In the case of Reforma, one of the first lessons it learned from its participation in the project was understanding that tools that help better understand user behaviour need to be exploited to the fullest.

“You have to know the users, make them fall in love with the brand, keep them engaged, make them register and give us their time, create an account with us – and the final ‘prize’ is, logically, that they subscribe and stay with us for many years,” Espinosa de los Monteros said.

During the first months of the Subscriptions Lab, data has been collected from all participating news organisations through Mather Economics’ Listener tool, installed in each news organisation during the initial phase of the project.

In-depth analysis of all data will offer each news organisation specific insights and recommendations on how to improve their digital subscriptions at every stage of the user funnel.

New tool already helping

But simply installing the tool, and analysing, alongside the rest of the cohort during the Subscriptions Lab offsite in NYC, their initial data has already allowed Reforma to make important advances.

As noted by Reforma’s technical manager, “one of the great contributions at the beginning of the project was ensuring that everyone was speaking the same language, as a team.”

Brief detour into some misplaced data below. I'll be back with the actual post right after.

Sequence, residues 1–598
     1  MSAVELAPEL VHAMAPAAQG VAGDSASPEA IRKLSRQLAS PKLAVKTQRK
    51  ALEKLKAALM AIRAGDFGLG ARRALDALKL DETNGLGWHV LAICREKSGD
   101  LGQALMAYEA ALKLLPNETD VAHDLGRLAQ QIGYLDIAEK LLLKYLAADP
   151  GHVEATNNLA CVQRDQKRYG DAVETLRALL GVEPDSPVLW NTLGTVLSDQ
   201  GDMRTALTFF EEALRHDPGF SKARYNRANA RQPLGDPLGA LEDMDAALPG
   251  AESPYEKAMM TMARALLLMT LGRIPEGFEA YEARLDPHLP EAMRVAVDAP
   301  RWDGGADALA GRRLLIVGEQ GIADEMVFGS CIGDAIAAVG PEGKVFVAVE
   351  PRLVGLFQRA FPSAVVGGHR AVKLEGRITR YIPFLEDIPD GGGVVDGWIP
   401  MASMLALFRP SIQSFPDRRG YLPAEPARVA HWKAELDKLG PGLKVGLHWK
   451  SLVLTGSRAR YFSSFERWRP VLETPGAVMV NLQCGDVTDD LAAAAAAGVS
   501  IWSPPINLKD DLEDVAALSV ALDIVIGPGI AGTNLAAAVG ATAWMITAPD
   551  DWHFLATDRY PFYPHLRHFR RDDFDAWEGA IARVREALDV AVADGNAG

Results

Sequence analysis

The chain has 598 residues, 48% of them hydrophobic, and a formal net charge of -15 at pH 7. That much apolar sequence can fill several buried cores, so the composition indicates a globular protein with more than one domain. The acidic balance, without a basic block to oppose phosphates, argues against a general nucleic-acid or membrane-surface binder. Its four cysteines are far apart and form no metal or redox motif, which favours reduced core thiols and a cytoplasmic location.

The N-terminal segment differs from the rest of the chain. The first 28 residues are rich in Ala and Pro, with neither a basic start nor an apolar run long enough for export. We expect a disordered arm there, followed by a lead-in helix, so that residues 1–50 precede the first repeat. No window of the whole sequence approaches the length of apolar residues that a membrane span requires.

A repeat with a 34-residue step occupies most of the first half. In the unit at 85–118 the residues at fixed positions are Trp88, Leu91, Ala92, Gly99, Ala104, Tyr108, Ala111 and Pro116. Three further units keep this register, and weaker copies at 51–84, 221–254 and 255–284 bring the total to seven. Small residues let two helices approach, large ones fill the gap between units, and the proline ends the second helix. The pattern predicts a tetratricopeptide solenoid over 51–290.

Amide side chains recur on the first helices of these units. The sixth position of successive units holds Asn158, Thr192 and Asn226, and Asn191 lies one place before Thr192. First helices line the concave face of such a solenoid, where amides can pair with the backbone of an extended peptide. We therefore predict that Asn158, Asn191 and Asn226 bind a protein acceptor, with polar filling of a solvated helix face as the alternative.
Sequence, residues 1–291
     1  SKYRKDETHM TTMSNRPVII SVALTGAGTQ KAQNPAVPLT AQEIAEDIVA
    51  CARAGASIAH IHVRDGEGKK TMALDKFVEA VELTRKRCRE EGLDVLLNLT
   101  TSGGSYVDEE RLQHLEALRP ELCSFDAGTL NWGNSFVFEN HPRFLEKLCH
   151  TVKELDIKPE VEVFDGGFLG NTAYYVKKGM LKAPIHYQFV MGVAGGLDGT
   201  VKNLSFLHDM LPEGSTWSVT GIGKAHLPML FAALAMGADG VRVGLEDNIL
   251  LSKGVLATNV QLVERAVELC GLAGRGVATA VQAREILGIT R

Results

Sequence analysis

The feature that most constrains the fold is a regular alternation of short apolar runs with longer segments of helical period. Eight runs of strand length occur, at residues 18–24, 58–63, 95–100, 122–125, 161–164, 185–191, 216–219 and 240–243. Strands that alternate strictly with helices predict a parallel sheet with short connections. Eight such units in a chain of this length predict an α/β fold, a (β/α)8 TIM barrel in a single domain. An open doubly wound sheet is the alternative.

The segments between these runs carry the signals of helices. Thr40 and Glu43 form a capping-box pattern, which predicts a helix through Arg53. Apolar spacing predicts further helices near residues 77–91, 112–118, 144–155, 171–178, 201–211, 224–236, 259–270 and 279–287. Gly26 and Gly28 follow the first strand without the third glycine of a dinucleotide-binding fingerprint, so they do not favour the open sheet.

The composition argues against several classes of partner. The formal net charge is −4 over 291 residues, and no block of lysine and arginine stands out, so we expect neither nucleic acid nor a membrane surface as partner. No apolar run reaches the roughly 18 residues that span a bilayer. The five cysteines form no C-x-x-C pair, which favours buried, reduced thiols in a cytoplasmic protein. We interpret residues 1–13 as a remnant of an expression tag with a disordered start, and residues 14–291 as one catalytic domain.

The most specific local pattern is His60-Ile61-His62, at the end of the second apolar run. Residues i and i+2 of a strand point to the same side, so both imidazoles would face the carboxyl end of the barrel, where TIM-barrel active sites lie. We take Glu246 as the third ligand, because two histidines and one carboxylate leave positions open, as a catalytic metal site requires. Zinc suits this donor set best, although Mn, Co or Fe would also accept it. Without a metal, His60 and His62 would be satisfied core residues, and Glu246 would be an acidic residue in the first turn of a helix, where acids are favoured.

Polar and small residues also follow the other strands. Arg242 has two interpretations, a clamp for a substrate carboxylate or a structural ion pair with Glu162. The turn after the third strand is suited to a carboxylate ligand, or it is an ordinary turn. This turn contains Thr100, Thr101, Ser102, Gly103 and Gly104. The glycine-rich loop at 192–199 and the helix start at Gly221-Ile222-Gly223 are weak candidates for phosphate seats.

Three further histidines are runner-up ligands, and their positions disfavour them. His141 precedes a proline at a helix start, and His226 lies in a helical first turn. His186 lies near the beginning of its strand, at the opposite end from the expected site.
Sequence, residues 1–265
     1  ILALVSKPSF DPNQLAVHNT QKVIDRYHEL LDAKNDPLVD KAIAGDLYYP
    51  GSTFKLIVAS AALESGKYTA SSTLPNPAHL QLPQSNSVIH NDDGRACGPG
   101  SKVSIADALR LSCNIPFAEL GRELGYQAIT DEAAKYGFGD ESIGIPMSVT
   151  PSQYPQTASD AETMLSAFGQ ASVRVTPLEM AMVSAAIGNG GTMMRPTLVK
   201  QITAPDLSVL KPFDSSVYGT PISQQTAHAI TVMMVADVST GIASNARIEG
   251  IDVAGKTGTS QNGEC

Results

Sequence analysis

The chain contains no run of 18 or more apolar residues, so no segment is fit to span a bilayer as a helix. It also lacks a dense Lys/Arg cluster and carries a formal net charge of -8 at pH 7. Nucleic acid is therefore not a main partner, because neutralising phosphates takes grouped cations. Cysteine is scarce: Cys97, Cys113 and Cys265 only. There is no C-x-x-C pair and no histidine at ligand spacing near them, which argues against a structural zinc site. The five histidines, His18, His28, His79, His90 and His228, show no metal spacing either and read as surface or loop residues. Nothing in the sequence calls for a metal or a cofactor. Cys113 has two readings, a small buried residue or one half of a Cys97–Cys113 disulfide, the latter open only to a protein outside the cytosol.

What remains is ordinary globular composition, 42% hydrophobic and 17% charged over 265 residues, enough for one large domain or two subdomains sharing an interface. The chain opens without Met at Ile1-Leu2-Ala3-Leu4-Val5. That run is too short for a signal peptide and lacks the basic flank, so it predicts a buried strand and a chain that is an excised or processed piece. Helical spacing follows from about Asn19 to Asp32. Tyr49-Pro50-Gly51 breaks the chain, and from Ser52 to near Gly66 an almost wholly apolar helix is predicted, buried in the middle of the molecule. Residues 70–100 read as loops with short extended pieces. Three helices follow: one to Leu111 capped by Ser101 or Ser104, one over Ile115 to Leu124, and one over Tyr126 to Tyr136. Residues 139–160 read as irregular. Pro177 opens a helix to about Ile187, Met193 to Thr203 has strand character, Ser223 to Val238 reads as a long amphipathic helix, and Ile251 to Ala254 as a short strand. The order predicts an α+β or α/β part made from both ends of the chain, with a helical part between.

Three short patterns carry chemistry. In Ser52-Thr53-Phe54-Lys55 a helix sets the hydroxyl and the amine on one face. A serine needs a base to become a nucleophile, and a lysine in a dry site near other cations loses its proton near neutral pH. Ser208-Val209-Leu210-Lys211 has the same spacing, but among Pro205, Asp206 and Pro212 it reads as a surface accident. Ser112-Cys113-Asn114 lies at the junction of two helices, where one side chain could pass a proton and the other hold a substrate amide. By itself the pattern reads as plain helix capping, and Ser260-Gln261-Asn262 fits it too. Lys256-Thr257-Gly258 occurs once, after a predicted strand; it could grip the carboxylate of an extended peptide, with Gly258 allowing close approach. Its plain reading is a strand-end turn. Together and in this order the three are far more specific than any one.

Gabriel Dantur of La Nacion echoed the sentiment – the mere act of participating in the Lab and having intense initial work sessions with all the areas of the organisation “served to review everything we were doing, from the perspective of an inquisitor, so to speak.”

In the case of La Nacion, the initial feedback received confirmed that they were “more or less on the right track” and allowed the team to explore optimisations around topics like user segmentation and pricing flexibility.

During its participation in the Subscriptions Lab, Reforma has created an initial “shock group” to distribute all information and lessons learned among all teams across the organisation.

According to Espinosa de los Monteros, “one of the challenges is to realize that this is not a technical project, but an organisational one, a project that must change the editorial and commercial sides of the organisation.”

Brazil’s Folha de S. Paulo

The Brazilian newspaper Folha de S. Paulo was a pioneer in Brazil in the launch of digital subscriptions. It installed its paywall in 2012, just over seven years ago, and was soon followed by other newspapers in the country.

Today, many other news organisations in Brazil have their digital subscription system. Folha applies a metered model (five free articles per month), combined with a few premium articles for subscribers only.